WIDESPREAD rain across northern New South Wales and southern Queensland has softened values for barley, sorghum and wheat as demand from custom feeders and graziers evaporates.
Countering this has been localised flooding, which has cut roads in parts of the outer slopes and plains including the Darling and Western Downs, and affected the flow of grain to some end users.
At Goldstar Commodities in Goondiwindi, broker Geoff Webb said wheat values had eased by a few dollars per tonne, and barley had dropped by up to $20/t.
“Local drought-feeding demand has stopped, and the market is certainly softer,” Mr Webb said.
“From now on, our prices will be a function of interstate pricing.”
Trade sources say the rain has pushed grain values back to export parity.
On the Darling Downs, most growers have had enough rain in recent weeks to replenish subsoil moisture reserves.
Many will now be able to plant wheat, barley and chickpeas in autumn, and fallowed area to sorghum or cotton in spring.
However, storms and showers have been patchy, and some farms in Queensland and northern NSW need further falls before they can expect to plant their 2020 crops.
“Winter crop is becoming an option for people.
“We’re now in a position that if we get planting rain, we’ll be right to go.”
Delivered Downs sorghum is quoted at $415/t for June-July based on the Central Queensland crop now being planted, steady on last week.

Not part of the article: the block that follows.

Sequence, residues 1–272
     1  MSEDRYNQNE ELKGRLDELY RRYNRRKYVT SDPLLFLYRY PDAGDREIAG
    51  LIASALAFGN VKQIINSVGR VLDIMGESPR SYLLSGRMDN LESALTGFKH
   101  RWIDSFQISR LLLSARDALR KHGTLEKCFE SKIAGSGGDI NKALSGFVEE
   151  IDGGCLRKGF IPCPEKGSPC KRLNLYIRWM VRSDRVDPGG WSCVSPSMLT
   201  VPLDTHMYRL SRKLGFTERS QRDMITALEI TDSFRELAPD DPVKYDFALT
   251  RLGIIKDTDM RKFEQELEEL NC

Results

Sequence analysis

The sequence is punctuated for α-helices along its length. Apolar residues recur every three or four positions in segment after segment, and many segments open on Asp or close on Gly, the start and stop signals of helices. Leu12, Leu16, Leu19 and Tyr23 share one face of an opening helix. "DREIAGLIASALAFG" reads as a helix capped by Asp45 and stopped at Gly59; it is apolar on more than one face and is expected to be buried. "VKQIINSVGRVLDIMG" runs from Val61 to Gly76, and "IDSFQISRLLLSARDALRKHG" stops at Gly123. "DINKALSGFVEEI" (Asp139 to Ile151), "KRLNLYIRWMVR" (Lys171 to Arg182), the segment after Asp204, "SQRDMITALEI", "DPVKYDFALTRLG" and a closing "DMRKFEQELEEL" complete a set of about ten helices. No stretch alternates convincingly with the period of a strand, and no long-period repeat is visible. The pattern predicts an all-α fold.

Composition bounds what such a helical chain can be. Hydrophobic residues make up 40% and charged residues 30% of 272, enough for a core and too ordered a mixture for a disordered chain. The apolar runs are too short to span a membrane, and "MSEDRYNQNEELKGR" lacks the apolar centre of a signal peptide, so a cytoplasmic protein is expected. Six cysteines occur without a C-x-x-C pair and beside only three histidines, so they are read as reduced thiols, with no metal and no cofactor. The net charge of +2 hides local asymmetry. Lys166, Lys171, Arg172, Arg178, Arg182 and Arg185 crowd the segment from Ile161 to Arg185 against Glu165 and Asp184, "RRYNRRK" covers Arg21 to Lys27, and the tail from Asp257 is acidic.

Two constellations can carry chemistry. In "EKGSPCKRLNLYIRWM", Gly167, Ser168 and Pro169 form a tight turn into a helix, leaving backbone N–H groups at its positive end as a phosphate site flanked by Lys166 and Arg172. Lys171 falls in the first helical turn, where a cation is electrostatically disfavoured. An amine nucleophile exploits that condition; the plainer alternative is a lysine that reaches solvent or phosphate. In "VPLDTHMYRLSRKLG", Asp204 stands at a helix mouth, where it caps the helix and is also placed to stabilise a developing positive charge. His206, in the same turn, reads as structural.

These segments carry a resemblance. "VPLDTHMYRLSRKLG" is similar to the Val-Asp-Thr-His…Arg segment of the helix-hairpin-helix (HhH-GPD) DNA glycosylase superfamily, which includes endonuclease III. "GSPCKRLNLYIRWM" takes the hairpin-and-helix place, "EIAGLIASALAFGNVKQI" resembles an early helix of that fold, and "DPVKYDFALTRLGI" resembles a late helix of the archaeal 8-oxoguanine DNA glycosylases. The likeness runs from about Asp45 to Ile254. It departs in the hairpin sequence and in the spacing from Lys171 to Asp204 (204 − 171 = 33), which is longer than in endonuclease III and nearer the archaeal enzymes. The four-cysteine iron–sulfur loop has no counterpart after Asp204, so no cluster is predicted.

March-April wheat is trading at $450-$460/t and barley is $395-$400/t, both down roughly $10 over the week.
In southern Queensland, flooding has washed out some of the small amount of crop planted in recent weeks, and well beyond the normal seeding window.
Grain Hub broker Andrew Paton said the market was having trouble finding its feet.
“The ball’s been in the grower’s court, and now the end users will push back on high offers.
“Most traders are trying to work out where everyone else is willing to buy.”
Growers offer in south
In South Australia, Australian Growers Direct trader Tyrone Stowers said the market for barley and wheat had dropped.
“We have seen a bit more feedgrain pop up out of the system in the past few weeks,” Mr Stowers said.
The market for SA and Victorian hay, which has been supplying the drought market in NSW and Queensland, has gone quiet in response to regenerating pastures now sustaining sheep and cattle for the first time in more than a year or two.
Trading houses are continuing to load trains in South Australia with barley and wheat to supply feedlots in northern NSW and along the Queensland border.
Along with SA’s own feedgrain demand and a busy export shipping stems, this is supporting its prompt delivered-consumer prices at around $310/t for barley and $360/t for wheat.
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